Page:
The House of Representatives on Tuesday passed on third and final reading a bill instituting policies for the protection and welfare of caregivers in the practice of their profession, or the proposed “Caregivers Welfare Act.”
With an overwhelming 271 votes, the House of Representatives approved House Bill (HB) 227 which aims to “recognize the role of caregivers in national development and to institute policies in the practice of the profession with the end in view of developing competent caregivers whose standards of professional service shall be excellent and globally competitive.”
“The State also recognizes the need to protect the rights of the caregivers towards a decent employment and income and adheres to a policy of protecting caregivers against abuse, harassment, violence, and economic exploitation,” the bill’s declaration of policy states.
Speaker Martin G. Romualdez is among the authors of the measure.
The bill defines caregivers as “graduate of a caregiving course from an accredited training institution that is recognized by the government or is certified competent by that same institution, and renders caregiving services as stipulated in Section 6.”
Section 4 of the proposed legislation requires that an employment contract be executed by, and between the caregiver and the employer, before the commencement of the service in a language or dialect understood by both parties.
The contract shall also include the following: (a) Duties and responsibilities of the caregiver; (b) Period of employment; (c) Compensation; (d) Authorized deductions; (e) Hours of work and proportionate additional payment or overtime pay; (f) Rest days and allowable leaves; (g) Board, lodging and medical attention; (h) Termination of employment; and (i) Any other lawful condition agreed upon by both parties.
The measure also lists several requirements that the employer may require prior to the execution of the contract, such as the following: training certificate, medical or health certificate, or a police or National Bureau of Investigation (NBI) clearance.
Under Section 7, the caregiver’s working hours shall be based on the employment contract signed by the parties and in accordance with the labor laws, rules, and regulations; and he shall also have an eight (8)-hour work shift, beyond which the mandatory overtime pay shall be applied.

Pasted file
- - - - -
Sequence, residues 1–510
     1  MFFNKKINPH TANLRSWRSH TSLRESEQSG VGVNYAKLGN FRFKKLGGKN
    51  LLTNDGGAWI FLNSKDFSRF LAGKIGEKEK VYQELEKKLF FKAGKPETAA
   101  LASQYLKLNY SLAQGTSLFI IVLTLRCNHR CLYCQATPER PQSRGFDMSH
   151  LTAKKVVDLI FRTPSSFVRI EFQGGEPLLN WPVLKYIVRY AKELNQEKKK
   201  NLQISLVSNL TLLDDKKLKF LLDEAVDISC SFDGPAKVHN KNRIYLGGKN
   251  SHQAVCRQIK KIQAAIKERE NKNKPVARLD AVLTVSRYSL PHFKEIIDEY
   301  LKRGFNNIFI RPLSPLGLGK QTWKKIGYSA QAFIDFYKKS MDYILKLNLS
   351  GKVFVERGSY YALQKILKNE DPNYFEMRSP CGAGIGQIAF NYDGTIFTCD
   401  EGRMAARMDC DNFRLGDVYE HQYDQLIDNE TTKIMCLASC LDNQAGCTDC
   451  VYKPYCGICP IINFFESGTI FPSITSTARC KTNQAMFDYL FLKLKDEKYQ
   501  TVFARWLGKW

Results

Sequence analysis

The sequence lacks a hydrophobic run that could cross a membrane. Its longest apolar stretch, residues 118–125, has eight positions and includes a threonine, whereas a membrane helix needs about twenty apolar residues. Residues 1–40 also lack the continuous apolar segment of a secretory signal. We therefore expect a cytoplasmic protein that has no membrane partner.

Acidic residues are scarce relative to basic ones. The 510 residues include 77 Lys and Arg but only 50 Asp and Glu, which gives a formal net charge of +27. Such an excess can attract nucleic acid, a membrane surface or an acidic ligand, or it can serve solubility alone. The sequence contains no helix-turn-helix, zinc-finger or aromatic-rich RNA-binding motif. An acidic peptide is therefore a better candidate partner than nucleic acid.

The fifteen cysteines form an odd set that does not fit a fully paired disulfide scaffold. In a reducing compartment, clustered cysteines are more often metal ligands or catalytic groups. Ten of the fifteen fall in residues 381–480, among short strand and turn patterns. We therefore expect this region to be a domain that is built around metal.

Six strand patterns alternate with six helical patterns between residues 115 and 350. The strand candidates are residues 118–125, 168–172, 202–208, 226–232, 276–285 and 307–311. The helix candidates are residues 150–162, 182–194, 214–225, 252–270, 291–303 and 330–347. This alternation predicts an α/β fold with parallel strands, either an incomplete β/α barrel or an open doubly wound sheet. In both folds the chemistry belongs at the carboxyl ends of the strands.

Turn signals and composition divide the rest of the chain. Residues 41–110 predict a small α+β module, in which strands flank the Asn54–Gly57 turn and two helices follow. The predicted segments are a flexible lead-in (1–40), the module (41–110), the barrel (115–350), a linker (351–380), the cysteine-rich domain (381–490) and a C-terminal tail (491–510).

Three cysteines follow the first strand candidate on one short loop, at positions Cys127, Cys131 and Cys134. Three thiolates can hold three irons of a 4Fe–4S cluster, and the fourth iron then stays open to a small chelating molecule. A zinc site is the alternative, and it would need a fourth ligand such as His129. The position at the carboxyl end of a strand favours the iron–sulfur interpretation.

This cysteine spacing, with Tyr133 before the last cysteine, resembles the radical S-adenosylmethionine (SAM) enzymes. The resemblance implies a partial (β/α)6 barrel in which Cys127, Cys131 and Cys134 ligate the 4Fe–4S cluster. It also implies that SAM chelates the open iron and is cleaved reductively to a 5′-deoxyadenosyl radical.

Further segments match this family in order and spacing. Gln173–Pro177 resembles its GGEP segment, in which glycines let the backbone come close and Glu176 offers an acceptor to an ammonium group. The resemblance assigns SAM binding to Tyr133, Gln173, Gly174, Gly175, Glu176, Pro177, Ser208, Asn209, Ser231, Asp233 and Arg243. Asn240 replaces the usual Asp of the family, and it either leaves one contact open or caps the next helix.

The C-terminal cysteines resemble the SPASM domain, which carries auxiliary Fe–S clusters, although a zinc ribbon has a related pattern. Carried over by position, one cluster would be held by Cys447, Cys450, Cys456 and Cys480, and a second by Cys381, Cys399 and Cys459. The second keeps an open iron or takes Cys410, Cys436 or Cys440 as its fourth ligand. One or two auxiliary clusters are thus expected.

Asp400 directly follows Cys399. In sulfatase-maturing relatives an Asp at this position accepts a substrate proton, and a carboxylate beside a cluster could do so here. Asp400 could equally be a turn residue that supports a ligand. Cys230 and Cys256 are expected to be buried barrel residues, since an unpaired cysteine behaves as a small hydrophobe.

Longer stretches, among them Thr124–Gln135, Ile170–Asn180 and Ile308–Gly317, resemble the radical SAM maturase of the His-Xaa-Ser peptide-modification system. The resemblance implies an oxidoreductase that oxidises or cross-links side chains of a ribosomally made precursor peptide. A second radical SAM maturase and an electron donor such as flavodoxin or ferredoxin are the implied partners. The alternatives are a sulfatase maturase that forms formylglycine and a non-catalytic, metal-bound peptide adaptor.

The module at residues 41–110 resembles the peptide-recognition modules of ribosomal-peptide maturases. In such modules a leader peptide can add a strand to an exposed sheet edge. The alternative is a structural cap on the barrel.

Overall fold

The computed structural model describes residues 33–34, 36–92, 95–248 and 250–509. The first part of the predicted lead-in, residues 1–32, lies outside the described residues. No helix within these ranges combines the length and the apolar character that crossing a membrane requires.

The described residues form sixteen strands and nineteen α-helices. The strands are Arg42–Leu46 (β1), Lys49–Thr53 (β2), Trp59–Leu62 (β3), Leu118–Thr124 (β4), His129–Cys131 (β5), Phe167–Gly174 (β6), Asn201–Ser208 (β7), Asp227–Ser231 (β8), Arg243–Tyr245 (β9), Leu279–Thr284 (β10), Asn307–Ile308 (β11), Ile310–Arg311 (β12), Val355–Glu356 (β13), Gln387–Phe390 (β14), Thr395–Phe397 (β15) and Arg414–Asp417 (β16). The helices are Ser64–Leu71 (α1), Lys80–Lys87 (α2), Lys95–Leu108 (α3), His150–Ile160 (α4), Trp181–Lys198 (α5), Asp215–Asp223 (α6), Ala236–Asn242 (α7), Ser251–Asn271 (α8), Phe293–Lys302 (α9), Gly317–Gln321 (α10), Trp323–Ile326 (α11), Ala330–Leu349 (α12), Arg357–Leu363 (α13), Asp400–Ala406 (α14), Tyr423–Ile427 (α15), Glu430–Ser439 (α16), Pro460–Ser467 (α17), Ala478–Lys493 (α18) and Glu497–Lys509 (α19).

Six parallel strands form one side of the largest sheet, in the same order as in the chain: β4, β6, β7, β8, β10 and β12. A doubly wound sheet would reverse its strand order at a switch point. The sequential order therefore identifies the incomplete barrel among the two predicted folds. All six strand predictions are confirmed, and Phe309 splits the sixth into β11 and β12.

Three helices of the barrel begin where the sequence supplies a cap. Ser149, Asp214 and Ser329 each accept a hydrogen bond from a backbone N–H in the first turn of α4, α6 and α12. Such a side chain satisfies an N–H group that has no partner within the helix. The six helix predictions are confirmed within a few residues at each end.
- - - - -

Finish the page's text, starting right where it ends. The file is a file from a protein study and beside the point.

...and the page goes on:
Section 8 provides for the minimum wage of a caregiver, which shall not be less than the applicable minimum wage in the region, while Section 9 mandates that the wages be paid once every two (2) weeks or twice a month at intervals not exceeding sixteen (16) days.
A caregiver who has rendered at least one (1) year of service shall be entitled to an annual service incentive leave of at least five (5) days with pay, based on Section 11. The same provision allows any unused portion of the annual leave to be carried over to the succeeding years, and unused leaves to be convertible to cash.
Coverage under the Social Security System, the Philippine Health Insurance Corporation or PhilHealth, and the Home Development Mutual Fund or Pag-IBIG, and all other benefits in accordance with the law of the caregiver are also provided for in the bill.
In the case of household-based caregivers, the employer shall provide for their basic necessities including at least three (3) adequate meals a day and a humane sleeping arrangement. Likewise, employers shall provide appropriate rest and assistance in case of illnesses and injuries sustained during the exercise of the caregiver’s duties and responsibilities without loss of benefits.
Sections 16, 17 and 18 of the bill also protect the caregiver from unjust contract termination by enumerating valid causes for termination both by the caregiver and the client.
Senate Bill No. 1396, a counterpart measure of HB 227, is pending with the Senate committees on Labor, Employment and Human Resources Development.